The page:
I know you’ve heard that the No. 1 rule in real estate is “location, location, location.” And perhaps it deserves that placement.
But a very close second, at least when it comes to REITs, is “cash is king.” In fact, you could even say that rule No. 1 doesn’t work long-term if it doesn’t automatically align itself with rule No. 2.
That’s because REITs pay out so much cash every year. It’s the main reason why investors buy into them in the first place: The dividends they’re designed to faithfully offer.
In order to stay faithful though, they have to have enough cash on hand to cover those shareholder perks.
They also need enough cash to cover everyday business expenses, such as salaries, utilities, taxes (although REITs do pay less in that regard by doling out more money to shareholders), and so many other expected or unexpected costs.
For the record, when I say “cash,” I don’t necessarily mean actual greenbacks being physically held in these companies’ hands. I mean money that’s not tied up in investments. So funds that are easily available.
It’s true that those funds aren’t growing over time, unlike so many other asset types. But it’s also true that, if things go bad, nothing else works quite as well.
And, guess what?
Things have definitely gone bad.
Please don’t for a moment think that last line means things aren’t going to “go good” again in the future. It’s just a matter of how long the current “bad” will last.
With the virus spreading how it is, there’s no way to tell. It’s the same as how there was no way to tell this was going to be such a crisis – or a crisis at all – even late last year.
Late last year, we had a healthy economy. Late last year, we were going nowhere but up. Or so said a number of industry leaders.
For instance, on Jan. 21 – just about a month before the markets began their long, fear-fueled descent – billionaire hedge-fund founder Ray Dalio dismissively declared that “cash is trash.” And MarketWatch reported he wasn’t alone in that hard-core bullish assessment:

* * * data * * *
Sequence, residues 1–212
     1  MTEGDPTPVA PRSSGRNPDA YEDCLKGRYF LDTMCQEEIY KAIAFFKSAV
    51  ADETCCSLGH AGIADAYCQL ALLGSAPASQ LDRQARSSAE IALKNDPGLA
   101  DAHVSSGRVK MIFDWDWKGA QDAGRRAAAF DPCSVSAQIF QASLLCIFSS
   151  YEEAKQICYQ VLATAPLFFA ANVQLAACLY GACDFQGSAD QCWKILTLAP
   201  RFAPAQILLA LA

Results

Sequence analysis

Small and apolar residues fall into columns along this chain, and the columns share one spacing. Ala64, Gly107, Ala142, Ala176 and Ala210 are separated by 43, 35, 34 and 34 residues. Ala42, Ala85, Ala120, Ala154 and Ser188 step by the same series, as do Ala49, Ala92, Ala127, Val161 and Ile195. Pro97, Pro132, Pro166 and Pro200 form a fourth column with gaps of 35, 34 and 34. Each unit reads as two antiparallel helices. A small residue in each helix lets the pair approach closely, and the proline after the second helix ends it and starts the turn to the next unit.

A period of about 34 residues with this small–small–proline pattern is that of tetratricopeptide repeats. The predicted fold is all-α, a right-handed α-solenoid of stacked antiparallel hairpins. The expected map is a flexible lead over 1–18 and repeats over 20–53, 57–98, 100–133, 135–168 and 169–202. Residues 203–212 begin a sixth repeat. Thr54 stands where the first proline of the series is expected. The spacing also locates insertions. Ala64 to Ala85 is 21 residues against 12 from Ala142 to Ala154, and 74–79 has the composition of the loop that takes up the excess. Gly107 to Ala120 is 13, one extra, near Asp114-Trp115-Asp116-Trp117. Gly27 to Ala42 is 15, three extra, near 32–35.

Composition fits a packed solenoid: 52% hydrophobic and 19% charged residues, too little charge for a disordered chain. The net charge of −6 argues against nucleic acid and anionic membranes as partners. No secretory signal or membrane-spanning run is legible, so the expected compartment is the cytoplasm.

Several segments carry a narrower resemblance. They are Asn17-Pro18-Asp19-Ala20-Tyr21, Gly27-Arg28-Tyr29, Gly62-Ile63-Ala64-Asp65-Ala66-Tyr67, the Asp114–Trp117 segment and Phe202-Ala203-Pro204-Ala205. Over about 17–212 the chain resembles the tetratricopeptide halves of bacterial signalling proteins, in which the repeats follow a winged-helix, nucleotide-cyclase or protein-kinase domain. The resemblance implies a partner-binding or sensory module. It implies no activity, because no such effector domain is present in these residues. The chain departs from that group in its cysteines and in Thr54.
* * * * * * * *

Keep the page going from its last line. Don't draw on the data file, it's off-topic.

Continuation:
“A monthly fund-manager survey conducted by Bank of America found that managers were holding on to their lowest proportion of cash since 2013, even though the percentage of managers expecting global economic growth to improve rose seven percentage points to 36%.”
I would imagine they’ve since regretted that choice, considering the current situation.
Bad times should always be at least somewhat expected. That’s part of the reason why REITs are generally such good holdings. They go up slowly, but steadily over time, a track record that makes them safe havens during most market downturns.
Admittedly, they’re still suffering in most of the market-wide selloffs we’re seeing now. But that doesn’t mean they won’t fully recover, just as long as they have enough cash on hand.
The more, the better. Because, again, we don’t know how long this is going to last.
Mark Walker, managing partner at Tollymore Investment Partners, noted in a recent email how “many public commentators and investment bank strategists were calling for a market correction.” Though nobody expected anything quite like this.
Likewise, nobody can expect when it will end.
“We could come up with reasons to justify why markets have overreacted – 12 countries account for almost all COVID-19 cases, but warmer weather kills almost all respiratory diseases. We have seen peaks in early markets already and significantly lower fatality rates than commonly understood. But panic spreads more quickly in a social media world. Predicting the evolution of its effects is well beyond the scope of human abilities.”
As such, “Future investment decisions should be made on data, not emotions.” Moreover, “The only way to navigate these periods with sanity and resilience is to have a very long-term view.”
I couldn’t agree more. And the collection of REITs I’m debuting in my upcoming Cash Is King Portfolio follow that same philosophy. They knew to save for a rainy day. That’s why they’ll survive this current flood.
That mentality has also turned millionaires into billionaires like Warren Buffett and Sam Zell.
It’s why Benjamin Graham preached that, “Adversity is bitter, but its uses may be sweet.” And Sir John Templeton said, “To buy when others are despondently selling and sell what others are greedily buying requires the greatest fortitude and pays the greatest ultimate rewards.”
How great they’ll be depends on your:
Those companies might stumble. They might even fall. But they always get back up stronger than ever.
To quote Graham again, “A market downturn is the true test of an investment philosophy.” And we’re ready to prove that we stand by ours.
In a recent article I explained that "fear is not an investment plan… We are now stress-testing our entire REIT universe to design and construct a dry-power portfolio. While retail closures will hit all retail landlords, we still see value in malls and outlets…
As you know, there is opportunity in the chaos. And we plan to take full advantage of the sell-off to create significant wealth... I have trained 30 years for this black swan event, and it's time to go to work."